More personalized services are in the works.

Not too shabby for a guy whose original business plan called for Betterment to be a one-employee company — just Jon Stein writing code, creating new algorithms and automating business processes. It didn’t go down that way, but Stein is not complaining about the eventual outcome.


If you could go back in time, what would you tell a 25-year-old Jon Stein?

Take the leap into entrepreneurship earlier.

Tell us the story behind the Betterment name.

I had the concept of wanting to make life better and wanting to do it through financial services. Betterment is an old English word that means the act or process of making things better, making improvements. I liked that concept and wanted to apply it.

Where did the idea for Betterment come from?

I had a number of experiences that lead me to believe there was a need to create a new way to invest and manage money. I had opened a number of different brokerage accounts at maybe seven different institutions, and each of them steered me toward an answer, but it felt always like the right answer for them, not the right answer for me. I would open an account with a mutual fund company, and they would say, “Buy our funds.” I would open an account with a broker, and they would say, “Trade, trade, trade.” A mutual fund company really is designed to manufacture and sell mutual funds, not to maximize the client’s money. A broker is designed to sell stocks, and the more they sell, the more commissions they get paid; they are not designed to maximize the client’s money. I was working at a firm called First Manhattan at the time and was consulting to some of the country’s largest banks and brokers, so I knew that the innovation wasn’t going to come from within the industry, because most of my clients didn’t do a lot of thinking about their customers or innovations.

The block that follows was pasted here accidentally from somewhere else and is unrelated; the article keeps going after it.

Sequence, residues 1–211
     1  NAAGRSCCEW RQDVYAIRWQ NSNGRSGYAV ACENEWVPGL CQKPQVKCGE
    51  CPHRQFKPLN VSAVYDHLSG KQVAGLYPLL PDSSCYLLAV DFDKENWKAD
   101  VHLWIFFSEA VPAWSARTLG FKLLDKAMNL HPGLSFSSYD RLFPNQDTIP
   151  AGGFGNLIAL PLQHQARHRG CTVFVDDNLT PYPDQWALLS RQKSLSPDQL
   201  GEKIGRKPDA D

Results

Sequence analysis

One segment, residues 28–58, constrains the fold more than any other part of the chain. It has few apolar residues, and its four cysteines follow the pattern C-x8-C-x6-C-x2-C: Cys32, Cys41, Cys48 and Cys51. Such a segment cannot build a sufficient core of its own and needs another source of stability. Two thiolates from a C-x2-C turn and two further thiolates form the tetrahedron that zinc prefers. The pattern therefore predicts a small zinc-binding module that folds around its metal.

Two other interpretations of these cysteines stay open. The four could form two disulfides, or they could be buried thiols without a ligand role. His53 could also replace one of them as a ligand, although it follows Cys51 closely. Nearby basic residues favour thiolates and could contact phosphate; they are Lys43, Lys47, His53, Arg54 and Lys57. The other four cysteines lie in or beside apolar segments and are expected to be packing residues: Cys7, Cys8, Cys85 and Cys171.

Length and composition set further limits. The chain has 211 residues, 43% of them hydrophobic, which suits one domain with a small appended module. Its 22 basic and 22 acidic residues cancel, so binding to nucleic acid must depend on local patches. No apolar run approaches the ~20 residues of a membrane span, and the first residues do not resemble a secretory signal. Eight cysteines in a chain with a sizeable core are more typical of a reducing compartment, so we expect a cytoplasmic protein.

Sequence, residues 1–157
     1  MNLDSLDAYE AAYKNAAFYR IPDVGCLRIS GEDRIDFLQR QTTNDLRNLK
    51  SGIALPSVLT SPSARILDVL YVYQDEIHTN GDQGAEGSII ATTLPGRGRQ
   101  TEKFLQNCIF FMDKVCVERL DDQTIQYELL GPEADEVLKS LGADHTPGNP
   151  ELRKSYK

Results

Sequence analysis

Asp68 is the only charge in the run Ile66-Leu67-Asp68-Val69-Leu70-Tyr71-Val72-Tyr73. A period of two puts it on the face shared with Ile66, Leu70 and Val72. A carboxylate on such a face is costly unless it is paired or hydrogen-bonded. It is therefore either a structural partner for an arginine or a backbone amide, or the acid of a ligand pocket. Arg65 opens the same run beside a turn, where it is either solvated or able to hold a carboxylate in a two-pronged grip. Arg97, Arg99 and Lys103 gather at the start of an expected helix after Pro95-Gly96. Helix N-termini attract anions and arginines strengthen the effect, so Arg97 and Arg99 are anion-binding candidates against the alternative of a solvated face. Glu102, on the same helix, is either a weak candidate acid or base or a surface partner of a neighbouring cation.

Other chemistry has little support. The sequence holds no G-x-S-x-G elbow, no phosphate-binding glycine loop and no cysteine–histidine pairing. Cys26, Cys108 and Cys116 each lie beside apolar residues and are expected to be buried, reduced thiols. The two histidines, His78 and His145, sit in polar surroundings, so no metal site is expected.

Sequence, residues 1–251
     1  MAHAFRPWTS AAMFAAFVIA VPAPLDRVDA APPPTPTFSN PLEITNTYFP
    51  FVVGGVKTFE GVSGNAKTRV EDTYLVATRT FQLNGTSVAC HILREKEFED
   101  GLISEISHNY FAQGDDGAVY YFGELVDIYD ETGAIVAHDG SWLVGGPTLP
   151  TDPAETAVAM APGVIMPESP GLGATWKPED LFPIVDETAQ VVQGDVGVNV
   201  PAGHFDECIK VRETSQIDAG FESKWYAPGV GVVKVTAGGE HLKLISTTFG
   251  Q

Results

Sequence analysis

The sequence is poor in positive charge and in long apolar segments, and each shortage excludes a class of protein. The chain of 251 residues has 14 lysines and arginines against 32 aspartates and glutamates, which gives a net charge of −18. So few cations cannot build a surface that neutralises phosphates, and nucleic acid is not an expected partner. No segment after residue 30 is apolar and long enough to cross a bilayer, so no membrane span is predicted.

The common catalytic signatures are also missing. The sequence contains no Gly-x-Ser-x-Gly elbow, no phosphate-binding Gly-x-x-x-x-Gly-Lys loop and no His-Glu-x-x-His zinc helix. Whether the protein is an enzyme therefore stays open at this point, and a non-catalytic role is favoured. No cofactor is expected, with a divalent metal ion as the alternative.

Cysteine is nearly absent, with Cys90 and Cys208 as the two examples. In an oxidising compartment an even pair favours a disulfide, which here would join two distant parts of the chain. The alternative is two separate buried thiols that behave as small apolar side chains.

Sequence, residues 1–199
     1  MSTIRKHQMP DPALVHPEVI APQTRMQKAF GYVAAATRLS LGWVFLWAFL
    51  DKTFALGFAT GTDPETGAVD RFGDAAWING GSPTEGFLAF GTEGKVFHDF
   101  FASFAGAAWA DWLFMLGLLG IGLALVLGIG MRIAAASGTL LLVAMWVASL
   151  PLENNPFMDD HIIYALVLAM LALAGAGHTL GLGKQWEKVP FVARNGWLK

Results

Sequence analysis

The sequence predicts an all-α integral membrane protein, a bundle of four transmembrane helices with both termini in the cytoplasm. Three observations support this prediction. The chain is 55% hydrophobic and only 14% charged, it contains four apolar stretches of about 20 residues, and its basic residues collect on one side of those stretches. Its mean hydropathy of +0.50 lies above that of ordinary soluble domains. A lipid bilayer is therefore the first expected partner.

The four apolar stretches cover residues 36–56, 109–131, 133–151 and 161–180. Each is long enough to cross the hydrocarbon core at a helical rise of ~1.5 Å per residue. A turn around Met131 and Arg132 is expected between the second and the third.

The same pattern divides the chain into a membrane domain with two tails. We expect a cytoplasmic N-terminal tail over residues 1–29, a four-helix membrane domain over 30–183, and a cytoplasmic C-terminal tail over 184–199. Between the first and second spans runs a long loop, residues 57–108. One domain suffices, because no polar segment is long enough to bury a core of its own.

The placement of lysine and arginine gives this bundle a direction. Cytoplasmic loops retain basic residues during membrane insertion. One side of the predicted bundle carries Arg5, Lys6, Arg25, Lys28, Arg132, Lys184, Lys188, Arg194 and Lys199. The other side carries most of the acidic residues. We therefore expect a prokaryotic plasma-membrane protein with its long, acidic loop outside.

You came up with an algorithm that never takes time off, doesn’t need healthcare, never takes a day off or forgets anything, doesn’t ask for pay raises.

It hasn’t asked for a pay raise yet, but that doesn’t mean it won’t.

Is Betterment a financial company or a technology company?

Neither. We are a consumer company built around the customer, and we are rethinking financial services from a customer-centric standpoint.

I notice you don’t have a technology background, and yet you pursued a technological solution.